Reasons Nobody Likes Liberals

The crimes people accuse liberals of often include the following:

  1. Calling every single thing racist
  2. Disrespecting the troops

Today, Rick Perlstein pulls off the impressive feat of confirming both of these stereotypes at once, with an article calling the POW-MIA flag racist.

Perlstein does not actually make a case that the flag is racist, despite the headline and introduction. He makes the case that it was used cynically by the Nixon administration in order to drum up support for the Vietnam War and manipulate the emotions of the American public. And he makes that case well. His evidence from history is detailed, showing the way that American-supported South Vietnamese crimes were twisted and portrayed as North Vietnamese crimes.

But Jesus, why frame it that way except to antagonize people? Why compare the POW-MIA flag with the Confederate Flag, when supporting prisoners of war is a good thing and supporting slavery is a bad thing? The fact that the flag had its origins as a propaganda tool does not necessitate angering every single POW family by throwing the word racism around.

This Perlstein story illustrates a couple of tendencies that I detest on the left: the trivialization of racism and the counterproductive framing of issues. I think racism is a serious thing, and I can’t stand to see it treated frivolously. The worst example I saw of this was in Mother Jones magazine, which seriously announced that “dogmatic adherence to mealtimes is racist.” After that, how could you ever take any of their other accusations of racism seriously? Perlstein is certainly right that the Vietnam War was racist, insofar as it was perpetrated with a near-total disregard for the lives of the Vietnamese simply because of their race. And he’s right that the flag helped to support the war. But unlike the Confederate flag, the POW-MIA flag is largely redeemable; after all, there’s nothing insidious about wishing POWs well and hoping the missing are found.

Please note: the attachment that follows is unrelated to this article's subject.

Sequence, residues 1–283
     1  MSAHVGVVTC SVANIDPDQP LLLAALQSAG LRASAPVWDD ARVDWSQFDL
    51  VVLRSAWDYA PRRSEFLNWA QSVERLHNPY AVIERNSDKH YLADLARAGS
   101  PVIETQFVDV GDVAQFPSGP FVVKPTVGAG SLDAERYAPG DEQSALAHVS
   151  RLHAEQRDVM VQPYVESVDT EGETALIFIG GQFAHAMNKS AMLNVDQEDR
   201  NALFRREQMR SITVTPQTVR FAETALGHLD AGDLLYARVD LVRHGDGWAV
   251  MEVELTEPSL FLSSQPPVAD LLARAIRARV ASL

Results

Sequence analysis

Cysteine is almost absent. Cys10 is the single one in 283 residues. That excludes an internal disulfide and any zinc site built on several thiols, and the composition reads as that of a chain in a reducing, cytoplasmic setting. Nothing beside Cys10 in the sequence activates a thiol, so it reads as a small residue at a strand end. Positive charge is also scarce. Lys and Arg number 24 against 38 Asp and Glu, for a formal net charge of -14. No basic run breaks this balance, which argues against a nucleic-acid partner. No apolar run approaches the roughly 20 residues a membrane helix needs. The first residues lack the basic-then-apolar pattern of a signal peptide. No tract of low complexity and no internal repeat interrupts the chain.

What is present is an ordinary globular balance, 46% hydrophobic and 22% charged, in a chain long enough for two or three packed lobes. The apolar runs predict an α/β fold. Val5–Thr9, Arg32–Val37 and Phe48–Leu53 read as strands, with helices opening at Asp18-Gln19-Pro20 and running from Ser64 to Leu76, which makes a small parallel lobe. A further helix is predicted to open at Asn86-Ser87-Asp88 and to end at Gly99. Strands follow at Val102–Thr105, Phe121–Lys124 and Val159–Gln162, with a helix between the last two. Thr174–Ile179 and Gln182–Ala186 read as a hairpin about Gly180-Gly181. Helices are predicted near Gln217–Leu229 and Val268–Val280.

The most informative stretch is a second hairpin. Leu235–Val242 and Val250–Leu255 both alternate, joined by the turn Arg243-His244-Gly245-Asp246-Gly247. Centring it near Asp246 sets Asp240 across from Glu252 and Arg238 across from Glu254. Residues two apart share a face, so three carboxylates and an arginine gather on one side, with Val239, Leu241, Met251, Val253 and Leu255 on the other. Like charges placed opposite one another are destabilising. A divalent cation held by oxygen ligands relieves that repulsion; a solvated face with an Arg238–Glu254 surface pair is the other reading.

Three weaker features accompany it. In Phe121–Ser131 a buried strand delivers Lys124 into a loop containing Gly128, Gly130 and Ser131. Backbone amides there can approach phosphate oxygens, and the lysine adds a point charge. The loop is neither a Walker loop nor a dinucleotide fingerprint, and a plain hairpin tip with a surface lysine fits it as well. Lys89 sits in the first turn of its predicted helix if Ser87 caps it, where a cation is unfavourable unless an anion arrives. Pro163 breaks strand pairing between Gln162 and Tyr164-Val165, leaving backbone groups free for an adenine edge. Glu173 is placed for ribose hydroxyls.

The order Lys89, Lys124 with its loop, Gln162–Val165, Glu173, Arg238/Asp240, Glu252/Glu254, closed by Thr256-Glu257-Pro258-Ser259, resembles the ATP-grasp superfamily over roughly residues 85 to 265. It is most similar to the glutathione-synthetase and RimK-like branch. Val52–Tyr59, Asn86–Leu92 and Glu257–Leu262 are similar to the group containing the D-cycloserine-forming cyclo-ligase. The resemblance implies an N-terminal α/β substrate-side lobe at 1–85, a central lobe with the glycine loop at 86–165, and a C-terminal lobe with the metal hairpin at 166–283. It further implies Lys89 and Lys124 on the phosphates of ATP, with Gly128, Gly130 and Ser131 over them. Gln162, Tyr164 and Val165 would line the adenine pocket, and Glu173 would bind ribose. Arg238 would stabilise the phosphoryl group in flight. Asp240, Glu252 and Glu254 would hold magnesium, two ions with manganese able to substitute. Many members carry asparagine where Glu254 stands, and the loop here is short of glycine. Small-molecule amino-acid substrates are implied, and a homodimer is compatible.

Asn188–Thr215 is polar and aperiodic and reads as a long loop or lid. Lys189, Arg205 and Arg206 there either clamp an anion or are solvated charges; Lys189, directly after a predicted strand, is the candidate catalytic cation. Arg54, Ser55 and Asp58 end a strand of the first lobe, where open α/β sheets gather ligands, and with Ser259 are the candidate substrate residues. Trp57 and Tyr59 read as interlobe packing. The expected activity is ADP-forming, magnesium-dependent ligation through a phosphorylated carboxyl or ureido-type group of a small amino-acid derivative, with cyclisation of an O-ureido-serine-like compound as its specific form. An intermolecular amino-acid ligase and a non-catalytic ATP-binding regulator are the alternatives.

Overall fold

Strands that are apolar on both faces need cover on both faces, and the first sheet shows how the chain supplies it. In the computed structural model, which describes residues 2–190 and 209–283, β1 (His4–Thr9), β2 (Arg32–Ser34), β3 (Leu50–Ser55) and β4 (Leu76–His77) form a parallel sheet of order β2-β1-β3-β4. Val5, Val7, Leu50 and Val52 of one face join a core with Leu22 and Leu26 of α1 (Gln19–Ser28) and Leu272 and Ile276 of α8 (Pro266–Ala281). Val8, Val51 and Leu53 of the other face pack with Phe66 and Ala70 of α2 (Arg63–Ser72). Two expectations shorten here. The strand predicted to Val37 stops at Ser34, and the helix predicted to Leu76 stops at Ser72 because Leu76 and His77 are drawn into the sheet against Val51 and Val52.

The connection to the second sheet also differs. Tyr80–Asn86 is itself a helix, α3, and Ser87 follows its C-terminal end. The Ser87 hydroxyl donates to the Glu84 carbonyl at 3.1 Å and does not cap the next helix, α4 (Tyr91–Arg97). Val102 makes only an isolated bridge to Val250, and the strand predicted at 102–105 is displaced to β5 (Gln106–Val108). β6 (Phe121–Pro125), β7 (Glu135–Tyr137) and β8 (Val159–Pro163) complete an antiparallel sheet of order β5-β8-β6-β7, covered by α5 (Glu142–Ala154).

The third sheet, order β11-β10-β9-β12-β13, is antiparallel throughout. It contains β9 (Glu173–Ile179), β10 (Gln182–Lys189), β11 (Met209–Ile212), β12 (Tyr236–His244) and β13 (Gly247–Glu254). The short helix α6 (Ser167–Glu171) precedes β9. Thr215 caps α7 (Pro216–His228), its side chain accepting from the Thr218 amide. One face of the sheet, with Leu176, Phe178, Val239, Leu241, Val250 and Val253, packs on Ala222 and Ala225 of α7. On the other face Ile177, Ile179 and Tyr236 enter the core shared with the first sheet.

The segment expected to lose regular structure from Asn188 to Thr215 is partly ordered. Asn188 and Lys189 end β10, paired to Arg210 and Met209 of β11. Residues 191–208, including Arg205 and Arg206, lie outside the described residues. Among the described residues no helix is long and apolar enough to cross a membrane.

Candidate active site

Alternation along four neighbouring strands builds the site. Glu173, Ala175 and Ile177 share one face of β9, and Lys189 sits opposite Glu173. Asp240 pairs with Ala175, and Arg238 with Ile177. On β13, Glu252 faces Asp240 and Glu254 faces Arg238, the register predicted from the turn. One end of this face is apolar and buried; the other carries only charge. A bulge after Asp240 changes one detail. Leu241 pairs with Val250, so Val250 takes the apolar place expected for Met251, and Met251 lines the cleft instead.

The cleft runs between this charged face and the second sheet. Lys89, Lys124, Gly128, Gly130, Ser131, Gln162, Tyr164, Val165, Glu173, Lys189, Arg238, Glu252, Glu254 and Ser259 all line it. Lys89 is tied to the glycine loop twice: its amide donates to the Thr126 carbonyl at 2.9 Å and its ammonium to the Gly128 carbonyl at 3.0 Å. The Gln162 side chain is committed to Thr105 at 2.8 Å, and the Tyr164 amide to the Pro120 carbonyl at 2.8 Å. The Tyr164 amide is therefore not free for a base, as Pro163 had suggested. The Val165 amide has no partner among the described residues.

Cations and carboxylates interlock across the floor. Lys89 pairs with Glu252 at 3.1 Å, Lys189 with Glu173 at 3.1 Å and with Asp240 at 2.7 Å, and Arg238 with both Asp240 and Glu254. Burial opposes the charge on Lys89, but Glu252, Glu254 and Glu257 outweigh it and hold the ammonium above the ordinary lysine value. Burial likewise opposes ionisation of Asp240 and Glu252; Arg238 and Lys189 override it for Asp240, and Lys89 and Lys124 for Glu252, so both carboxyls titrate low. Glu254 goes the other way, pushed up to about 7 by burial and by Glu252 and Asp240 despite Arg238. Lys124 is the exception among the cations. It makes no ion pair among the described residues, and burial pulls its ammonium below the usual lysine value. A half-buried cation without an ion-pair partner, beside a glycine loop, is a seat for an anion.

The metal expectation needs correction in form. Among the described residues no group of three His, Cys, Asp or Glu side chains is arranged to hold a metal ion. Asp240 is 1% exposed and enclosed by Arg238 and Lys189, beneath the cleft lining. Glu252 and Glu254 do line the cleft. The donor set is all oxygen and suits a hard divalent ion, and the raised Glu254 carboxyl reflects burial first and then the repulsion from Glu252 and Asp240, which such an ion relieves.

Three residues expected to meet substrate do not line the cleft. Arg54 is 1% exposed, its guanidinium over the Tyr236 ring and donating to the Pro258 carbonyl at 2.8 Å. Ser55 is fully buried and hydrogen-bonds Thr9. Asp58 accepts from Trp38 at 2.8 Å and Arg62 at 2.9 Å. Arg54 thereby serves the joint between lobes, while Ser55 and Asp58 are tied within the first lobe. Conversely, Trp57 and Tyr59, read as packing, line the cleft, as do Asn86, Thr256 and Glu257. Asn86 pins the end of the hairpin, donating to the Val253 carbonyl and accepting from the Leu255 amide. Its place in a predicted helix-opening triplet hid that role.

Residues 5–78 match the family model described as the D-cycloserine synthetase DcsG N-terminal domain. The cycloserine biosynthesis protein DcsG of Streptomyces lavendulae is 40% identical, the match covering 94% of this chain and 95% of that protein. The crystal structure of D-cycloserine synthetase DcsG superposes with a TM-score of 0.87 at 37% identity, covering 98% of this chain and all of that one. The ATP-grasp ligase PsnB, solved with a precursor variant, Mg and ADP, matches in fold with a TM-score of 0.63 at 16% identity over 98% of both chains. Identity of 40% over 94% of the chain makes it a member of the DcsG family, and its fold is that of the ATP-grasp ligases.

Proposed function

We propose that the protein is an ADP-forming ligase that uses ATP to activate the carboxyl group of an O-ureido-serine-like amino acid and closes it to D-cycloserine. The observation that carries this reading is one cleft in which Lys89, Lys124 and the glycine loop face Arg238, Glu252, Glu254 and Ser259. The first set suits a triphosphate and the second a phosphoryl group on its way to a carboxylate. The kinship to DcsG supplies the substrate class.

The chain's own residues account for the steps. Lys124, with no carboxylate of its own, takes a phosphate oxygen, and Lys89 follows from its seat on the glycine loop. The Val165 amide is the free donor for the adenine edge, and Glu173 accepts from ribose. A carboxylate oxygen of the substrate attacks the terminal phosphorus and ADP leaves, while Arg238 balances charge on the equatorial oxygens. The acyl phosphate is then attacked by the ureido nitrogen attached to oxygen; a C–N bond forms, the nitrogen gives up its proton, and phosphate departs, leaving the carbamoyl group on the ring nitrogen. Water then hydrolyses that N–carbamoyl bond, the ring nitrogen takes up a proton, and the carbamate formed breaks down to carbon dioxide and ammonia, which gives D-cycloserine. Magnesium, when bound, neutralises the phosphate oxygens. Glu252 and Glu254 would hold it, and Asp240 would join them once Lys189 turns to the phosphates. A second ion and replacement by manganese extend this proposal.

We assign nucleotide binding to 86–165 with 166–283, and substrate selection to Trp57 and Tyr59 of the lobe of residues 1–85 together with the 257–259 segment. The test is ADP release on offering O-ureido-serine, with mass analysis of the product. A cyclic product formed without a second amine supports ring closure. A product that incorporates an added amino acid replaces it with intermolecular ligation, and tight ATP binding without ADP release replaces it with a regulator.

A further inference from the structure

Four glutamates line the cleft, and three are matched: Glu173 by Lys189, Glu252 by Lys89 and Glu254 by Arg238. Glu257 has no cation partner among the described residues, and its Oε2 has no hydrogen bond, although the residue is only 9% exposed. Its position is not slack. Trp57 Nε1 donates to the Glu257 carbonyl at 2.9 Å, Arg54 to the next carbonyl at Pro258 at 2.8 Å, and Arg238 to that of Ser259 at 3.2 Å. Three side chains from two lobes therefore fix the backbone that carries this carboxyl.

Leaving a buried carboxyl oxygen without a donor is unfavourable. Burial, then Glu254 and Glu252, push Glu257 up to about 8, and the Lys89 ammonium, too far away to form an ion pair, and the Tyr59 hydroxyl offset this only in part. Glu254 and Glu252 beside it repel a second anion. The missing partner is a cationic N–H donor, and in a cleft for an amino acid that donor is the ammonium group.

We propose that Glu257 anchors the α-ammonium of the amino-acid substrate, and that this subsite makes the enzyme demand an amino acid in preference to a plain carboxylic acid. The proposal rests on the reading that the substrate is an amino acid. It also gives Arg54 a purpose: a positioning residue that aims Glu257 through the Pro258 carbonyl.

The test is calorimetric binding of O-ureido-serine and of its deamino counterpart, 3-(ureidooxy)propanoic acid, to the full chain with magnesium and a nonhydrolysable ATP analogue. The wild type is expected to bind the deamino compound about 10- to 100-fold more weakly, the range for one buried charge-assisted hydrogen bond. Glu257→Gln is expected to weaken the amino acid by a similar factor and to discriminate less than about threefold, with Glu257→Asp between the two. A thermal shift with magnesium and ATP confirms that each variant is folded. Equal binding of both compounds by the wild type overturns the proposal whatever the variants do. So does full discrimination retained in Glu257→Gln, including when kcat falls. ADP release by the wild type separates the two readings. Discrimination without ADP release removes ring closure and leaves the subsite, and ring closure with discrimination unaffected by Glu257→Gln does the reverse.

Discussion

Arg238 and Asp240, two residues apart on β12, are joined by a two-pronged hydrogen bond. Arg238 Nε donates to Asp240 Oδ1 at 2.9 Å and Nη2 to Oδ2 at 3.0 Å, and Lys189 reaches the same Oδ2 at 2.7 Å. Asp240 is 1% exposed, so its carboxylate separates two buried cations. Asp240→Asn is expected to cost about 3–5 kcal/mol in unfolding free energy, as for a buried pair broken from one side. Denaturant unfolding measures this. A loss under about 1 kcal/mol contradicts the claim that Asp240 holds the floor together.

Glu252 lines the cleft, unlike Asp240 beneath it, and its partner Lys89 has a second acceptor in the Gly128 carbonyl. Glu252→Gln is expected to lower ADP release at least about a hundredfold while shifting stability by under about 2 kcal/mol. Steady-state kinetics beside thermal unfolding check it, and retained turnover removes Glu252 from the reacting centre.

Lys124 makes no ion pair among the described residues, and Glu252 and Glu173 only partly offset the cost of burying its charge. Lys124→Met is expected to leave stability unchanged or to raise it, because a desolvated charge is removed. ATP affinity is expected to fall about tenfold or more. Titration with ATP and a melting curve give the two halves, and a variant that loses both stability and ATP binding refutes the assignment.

This is also a prime example of unwise framing. If you want people to listen to you, why write it this way unless absolutely necessary? Certainly the headline is controversial and attention-grabbing, and it will earn Perlstein plenty of clicks (I wrote recently about my own similar use of cheap, inflammatory writing to get attention.) But if Perlstein is trying to use racism as a hook to get people to read an interesting historical discussion about Nixon’s Vietnam P.R. strategy, then he’s being dishonest. And if he is in fact trying to convince people the flag is racist, he’s still doing a horrible job, since his piece will persuade nobody who isn’t already inclined to agree to the validity of nearly any accusation of racism. I hate writing that either preaches to the converted or turns off the unconvinced, and Perlstein’s article does both. It embarrasses the left by confirming every conservative belief about what heartless, whiny offense-mongers we are. It is needlessly callous about POWs. And it will excite useless controversy without getting anyone to discuss Vietnam, which was a disgusting atrocity that should haunt every American every day. Perlstein says that the flag is a shroud that “smothers the complexity, the reality, of what really happened in Vietnam.” Ironically, by framing his argument as a case that the “You Are Not Forgotten Flag” is racist, Perlstein himself is the one who manages to smother the history and complexity of Vietnam.

[Update: Rick Perlstein has apparently privately apologized for calling the POW flag racist, saying that instead of using such emotionally-loaded language we should “kill with kindness.” In issuing such an apology, Perlstein has managed to conform to a third embarrassing liberal stereotype: “Liberals are sniveling weenies who never stand their ground.”]

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